Background: Chin implants in females is a common lower facial reshaping procedure. While they add desired amounts of horizontal projection and improve the facial profile, the extended wing designs of today’s chin implant designs can have adverse effects on they look in the front view. While the extensions on the implants are designed to create a natural transition into the jawline bone without a visible stepoff, they add chin width to do so. While this is rarely an issue in men, it can be more frequent aesthetic problem in women.
Women seeking an improved jawline have a different aesthetic goal than men. They do not necessarily seek an angular jawline with visible corners. (some women may bit not the majority) Rather they usually desire a V-shape to their jawline with a smooth linear line from front to back. As part of that aesthetic goal the chin must be narrow and may even have a more pointy chin or smaller V-shape appearance. This is in contradiction to the look that many chin implant styles give to the augmented chin.
Case Study: This 35 year-old female had a prior history of having chin augmentation done using a Medpor chin implant of 6mm projection placed through an intraoral approach. She never liked the result as it gave her a wide and boxy chin. This did not fit her small petite face well. While it provided adequate horizontal projection, it made her chin too wide and too vertically long. She also developed some lower lip sag and excess tooth show.
Under general anesthesia her indwelling Medpor chin implant was removed intraorally. To do so it had to be sectioned into multiple pieces and required the removal of 6 titanium screws. It was replaced by a sliding genioplasty that was brought forward 6mm and vertically shortened 3mms. A mentalis muscle resuspension and vestibuloplasty were performed to help with her lower lip sag. Concurrently, vertical lengthening jaw angle implants were placed through posterior vestibular intraoral incisions. The implants added 7mm of vertical length and 3mms of width.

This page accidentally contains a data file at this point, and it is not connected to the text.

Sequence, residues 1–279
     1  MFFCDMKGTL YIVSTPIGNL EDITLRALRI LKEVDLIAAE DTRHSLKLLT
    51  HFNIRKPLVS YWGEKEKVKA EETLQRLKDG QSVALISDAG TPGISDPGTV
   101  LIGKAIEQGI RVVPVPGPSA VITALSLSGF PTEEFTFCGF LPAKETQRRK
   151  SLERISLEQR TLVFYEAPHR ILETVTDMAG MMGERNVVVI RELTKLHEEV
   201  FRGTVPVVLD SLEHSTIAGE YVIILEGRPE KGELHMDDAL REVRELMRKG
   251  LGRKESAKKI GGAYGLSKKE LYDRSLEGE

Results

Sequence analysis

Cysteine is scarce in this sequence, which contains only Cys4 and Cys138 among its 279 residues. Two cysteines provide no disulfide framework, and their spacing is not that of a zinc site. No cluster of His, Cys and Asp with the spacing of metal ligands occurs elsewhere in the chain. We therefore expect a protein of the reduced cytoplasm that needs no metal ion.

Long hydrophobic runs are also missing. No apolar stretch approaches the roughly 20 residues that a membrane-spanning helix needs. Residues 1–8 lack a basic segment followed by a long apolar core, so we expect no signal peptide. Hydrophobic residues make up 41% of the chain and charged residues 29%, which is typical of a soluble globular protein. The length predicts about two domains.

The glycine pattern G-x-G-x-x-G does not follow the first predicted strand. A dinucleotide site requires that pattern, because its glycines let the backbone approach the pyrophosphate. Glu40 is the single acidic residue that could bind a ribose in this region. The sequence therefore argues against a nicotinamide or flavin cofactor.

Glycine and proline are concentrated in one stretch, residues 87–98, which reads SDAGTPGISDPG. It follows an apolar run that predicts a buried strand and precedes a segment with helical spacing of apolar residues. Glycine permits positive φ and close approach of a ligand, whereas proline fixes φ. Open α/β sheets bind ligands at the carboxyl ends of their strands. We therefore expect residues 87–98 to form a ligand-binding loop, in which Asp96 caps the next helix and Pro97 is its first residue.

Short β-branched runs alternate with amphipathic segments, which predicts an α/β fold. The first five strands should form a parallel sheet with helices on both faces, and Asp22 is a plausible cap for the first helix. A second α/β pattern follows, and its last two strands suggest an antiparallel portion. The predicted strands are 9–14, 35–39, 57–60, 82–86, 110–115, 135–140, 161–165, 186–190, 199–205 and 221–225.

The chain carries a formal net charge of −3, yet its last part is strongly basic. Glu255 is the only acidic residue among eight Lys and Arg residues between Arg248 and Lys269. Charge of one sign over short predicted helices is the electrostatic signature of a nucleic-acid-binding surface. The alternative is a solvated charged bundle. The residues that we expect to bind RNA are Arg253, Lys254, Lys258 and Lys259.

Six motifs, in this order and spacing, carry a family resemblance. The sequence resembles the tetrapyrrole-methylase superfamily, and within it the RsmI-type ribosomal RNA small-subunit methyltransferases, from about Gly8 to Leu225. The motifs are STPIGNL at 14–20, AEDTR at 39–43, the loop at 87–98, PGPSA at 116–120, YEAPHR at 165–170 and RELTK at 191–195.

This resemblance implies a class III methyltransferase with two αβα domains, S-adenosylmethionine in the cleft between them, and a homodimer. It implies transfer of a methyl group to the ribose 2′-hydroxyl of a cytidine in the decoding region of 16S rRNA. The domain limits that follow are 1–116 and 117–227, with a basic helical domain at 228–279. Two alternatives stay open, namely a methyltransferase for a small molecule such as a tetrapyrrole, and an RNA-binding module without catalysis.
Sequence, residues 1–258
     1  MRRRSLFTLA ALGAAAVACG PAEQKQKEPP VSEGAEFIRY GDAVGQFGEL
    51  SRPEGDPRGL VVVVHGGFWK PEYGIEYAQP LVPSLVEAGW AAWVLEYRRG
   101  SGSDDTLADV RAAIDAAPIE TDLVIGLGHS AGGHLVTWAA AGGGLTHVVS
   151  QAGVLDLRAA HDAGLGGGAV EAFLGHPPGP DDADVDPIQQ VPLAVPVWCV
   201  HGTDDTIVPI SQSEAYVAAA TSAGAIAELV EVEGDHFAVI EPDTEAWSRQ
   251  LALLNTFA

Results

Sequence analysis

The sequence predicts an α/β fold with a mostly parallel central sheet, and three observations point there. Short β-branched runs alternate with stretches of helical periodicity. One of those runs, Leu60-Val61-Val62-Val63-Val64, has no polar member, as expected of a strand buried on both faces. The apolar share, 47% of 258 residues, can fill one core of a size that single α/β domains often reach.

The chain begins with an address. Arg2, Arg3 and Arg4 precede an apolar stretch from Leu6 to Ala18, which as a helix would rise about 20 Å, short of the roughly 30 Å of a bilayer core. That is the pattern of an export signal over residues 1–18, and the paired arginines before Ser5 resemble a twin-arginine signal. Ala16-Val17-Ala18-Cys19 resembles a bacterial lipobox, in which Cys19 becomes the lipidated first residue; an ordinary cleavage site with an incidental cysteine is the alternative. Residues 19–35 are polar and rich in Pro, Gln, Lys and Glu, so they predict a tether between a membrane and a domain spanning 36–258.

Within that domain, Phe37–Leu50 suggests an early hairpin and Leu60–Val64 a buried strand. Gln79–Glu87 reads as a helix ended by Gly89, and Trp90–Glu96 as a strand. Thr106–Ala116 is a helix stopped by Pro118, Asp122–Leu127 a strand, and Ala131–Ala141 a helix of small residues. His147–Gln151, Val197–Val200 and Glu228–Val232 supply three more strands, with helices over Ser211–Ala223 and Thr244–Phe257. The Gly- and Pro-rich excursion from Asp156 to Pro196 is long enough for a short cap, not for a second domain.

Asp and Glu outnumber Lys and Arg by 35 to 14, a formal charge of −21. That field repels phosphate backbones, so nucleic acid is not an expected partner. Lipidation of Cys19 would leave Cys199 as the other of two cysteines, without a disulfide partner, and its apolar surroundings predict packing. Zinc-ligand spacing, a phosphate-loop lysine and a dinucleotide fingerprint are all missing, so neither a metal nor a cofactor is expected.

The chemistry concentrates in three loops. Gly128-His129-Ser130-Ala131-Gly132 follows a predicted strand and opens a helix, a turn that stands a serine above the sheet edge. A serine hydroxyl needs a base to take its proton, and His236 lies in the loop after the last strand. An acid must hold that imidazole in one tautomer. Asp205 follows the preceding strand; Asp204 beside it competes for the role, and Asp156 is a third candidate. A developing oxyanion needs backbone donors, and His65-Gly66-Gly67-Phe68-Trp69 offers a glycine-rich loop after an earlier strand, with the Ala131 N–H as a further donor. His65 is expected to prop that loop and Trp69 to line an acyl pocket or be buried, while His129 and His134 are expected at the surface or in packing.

Any form of chin or jawline augmentation must take into consideration the differences be tween male and female jawline shapes as well as the patient’s aesthetic goals. Even a ‘simple’ chin augmentation must take this into consideration as the operation may be a technical success but an aesthetic failure. (as this case illustrates) The entire jawline from front to back must also be considered in an effort to create an improved jawline that fits the patient’s face.
1) Chin implants in females create horizontal projection but often at the expense of too much chin width.
2) A sliding genioplasty can replace a chin implant by providing horizontal projection but with a more narrow chin width.
3) Jaw angle implants can create vertical lengthening with a sliding genioplasty to give a more defined jawline in females.
Dr. Barry Eppley